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Taxpayer resources used in ballot campaigns

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Backers of Arizona Proposition 101 and California Proposition 2 have alleged that their opponents are illicitly using tax-funded government resources to campaign against their measures.

  • Arizona 101. 101's supporters filed a lawsuit October 3 in Maricopa County Superior Court asking a judge to block the director of the state's indigent care system, known as AHCCCS, from campaigning against it. They claim that Anthony Rodgers, director of AHCCCS, is illegally using his position and state resources to urge the defeat of Proposition 101. Rogers sent a three-page memo in September to editorial page writers and others saying that Proposition 101 could have "unintended consequences" and change how AHCCCS has to operate.[1]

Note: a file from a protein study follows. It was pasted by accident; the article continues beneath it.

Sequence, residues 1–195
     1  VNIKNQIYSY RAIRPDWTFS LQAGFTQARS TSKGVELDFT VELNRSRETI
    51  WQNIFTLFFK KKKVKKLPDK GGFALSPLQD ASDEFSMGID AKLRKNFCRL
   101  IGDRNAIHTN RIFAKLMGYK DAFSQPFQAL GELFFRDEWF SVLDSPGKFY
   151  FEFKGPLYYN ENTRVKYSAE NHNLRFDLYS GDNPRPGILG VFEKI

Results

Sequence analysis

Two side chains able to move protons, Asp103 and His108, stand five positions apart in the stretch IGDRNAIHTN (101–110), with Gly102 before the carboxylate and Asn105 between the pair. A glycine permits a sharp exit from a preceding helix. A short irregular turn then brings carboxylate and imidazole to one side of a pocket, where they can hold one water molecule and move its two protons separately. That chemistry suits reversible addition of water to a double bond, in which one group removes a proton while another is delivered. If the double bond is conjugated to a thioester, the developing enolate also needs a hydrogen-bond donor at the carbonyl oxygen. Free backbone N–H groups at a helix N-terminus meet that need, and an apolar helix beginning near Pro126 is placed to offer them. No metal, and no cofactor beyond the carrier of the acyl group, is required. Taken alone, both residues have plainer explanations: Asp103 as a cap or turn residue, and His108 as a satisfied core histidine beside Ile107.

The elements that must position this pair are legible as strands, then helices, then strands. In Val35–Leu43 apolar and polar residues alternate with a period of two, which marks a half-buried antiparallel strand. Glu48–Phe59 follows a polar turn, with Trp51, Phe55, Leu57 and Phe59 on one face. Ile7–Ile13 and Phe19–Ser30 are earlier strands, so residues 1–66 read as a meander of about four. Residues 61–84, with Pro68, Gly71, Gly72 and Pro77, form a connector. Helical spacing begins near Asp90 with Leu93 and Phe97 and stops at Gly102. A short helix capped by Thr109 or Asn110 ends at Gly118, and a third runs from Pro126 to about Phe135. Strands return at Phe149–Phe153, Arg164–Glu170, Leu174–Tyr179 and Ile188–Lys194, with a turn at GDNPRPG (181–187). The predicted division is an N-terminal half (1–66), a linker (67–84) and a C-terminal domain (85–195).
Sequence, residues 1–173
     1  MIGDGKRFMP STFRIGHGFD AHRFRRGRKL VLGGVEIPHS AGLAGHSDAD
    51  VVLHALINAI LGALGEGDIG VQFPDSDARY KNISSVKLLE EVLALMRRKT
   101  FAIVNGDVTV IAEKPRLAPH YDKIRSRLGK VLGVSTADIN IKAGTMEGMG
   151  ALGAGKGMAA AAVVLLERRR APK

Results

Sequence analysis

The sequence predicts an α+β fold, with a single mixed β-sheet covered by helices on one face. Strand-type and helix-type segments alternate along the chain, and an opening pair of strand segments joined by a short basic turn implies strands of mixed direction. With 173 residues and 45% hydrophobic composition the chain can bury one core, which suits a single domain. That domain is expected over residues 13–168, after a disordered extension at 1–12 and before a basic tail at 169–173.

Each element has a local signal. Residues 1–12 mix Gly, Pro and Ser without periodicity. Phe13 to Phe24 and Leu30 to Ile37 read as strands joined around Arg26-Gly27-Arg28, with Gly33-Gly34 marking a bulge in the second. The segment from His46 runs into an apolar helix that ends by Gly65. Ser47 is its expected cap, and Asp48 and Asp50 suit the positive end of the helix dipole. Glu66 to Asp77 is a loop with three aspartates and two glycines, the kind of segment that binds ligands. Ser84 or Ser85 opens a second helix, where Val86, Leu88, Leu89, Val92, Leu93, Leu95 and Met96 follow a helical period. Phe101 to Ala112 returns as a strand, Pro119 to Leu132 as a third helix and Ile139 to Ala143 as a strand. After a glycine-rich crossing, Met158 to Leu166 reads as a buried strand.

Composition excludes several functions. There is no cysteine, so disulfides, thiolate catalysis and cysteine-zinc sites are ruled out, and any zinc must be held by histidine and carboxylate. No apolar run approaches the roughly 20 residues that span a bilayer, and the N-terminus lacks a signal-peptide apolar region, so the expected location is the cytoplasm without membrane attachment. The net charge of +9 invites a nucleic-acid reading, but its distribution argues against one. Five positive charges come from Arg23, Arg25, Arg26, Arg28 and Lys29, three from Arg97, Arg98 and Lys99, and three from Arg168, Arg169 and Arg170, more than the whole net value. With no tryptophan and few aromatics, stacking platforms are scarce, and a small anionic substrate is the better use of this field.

• California Proposition 2. Prop 2 backers believe that the University of California-Davis might have been funded by agriculture interests to produce a study saying that Prop 2 would hurt California's farms and raise the price of eggs.[2]
  • Massachusetts Marijuana Initiative. The Committee for Sensible Marijuana Policy, backers of the initiative, allege in a lawsuit that opposing district attorneys used public funds to post and house a statement urging voters to reject the decriminalization initiative on its Web site, a violation of Massachusetts election law, which prohibits public officials from using public resources to advocate for or against a ballot initiative. The statement on the state run Massachusetts District Attorneys Association website says that if the question is approved, "any person may carry and use marijuana at any time."[3]

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